So… lets it break it down.
The UK housing market comprised roughly 28.1 million residential properties in 2014. Moreover the UK has typically been an owner occupier market peaking with 70.9% of the market being owner occupiers in 2003 but this number has been steadily decreasing.
In March 2017 the 2015/16 Housing Survey was released with some interesting results. This is a government document from the glamorously titled Department for Communities and Local Government (DCLG for short).
Well… get to the point then – what did it say?
The UK is still dominated by owner occupiers but the numbers of those in the Private Rented Sector (PRS) has increased to a 46% market share up from just 24% 10 years ago, with most of the younger generation choosing to set up household within this sector of the housing market. The surprising trend however is that despite preconceptions, those renting from private landlords are choosing to stay longer in one place, with the average tenancy length being 4.3 years. This trend, contrariwise to the young and restless perception, tells us a little more about satisfaction levels for those living in different types of accommodation.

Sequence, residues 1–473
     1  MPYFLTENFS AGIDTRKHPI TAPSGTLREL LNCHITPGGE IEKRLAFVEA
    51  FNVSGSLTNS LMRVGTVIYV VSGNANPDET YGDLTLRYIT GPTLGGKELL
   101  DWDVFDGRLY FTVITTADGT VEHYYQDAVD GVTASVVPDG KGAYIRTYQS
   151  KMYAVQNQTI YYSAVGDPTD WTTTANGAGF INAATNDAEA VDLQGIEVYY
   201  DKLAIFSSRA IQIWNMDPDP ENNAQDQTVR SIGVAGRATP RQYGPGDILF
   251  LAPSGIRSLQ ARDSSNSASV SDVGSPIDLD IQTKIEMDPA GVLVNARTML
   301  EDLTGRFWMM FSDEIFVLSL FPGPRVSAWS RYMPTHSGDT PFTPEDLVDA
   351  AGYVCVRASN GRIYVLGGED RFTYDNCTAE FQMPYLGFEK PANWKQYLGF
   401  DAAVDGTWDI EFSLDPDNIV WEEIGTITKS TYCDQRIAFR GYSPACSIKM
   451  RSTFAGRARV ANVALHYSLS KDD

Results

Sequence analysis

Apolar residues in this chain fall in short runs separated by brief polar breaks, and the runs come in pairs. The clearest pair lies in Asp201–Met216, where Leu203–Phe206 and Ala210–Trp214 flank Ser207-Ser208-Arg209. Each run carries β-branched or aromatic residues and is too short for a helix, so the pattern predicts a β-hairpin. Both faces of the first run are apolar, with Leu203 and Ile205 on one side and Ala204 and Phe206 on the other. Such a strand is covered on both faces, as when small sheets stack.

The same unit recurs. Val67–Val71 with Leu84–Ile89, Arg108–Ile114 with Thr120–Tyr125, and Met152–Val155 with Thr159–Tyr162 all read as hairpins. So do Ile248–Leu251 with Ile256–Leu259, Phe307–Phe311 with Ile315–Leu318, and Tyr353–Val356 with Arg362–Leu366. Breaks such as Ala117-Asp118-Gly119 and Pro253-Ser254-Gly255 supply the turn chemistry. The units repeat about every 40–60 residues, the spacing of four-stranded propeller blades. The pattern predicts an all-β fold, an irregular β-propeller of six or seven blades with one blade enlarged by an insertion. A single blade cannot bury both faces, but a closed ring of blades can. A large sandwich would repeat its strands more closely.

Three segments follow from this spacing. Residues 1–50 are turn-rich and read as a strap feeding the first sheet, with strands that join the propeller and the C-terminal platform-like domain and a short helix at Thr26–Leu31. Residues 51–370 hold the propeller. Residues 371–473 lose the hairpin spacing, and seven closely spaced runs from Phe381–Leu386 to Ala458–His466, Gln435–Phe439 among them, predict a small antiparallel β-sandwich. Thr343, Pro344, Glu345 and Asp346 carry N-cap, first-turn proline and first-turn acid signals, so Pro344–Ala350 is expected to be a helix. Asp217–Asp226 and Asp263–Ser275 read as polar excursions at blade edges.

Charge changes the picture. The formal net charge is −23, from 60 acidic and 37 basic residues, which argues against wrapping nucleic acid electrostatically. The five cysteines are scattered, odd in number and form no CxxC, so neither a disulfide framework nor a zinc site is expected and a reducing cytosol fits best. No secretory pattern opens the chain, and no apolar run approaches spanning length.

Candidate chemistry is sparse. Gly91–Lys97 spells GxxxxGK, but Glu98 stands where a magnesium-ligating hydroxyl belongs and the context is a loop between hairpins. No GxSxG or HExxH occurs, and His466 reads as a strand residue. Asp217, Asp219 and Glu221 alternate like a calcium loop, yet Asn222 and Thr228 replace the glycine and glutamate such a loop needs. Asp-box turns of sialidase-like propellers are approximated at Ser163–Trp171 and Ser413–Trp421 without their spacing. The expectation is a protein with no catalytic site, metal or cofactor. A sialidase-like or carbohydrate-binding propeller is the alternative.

According to the report, private tenants are seemingly more satisfied than social renters but the ambition to buy still remains strong. This is hardly ground breaking when, according to the statistics, owner occupiers are demonstrably happier. Of the overall percentage of renters, 59% of them hope to buy in the future - equivalent to 2.6 million households – but 42% of people currently renting in the PRS think it will take them 5 years or more to make the transition from renting to buying.
There are a multitude of reasons for the increase in renters in the UK but at least the statistics demonstrate some positive signs of stable households and life satisfaction despite the negativity often represented in the press. Nevertheless, the aspiration to buy remains strong but for now the typecast nomads are staying put whether this is in rented accommodation or not.
Check out the figures for yourself from the following articles: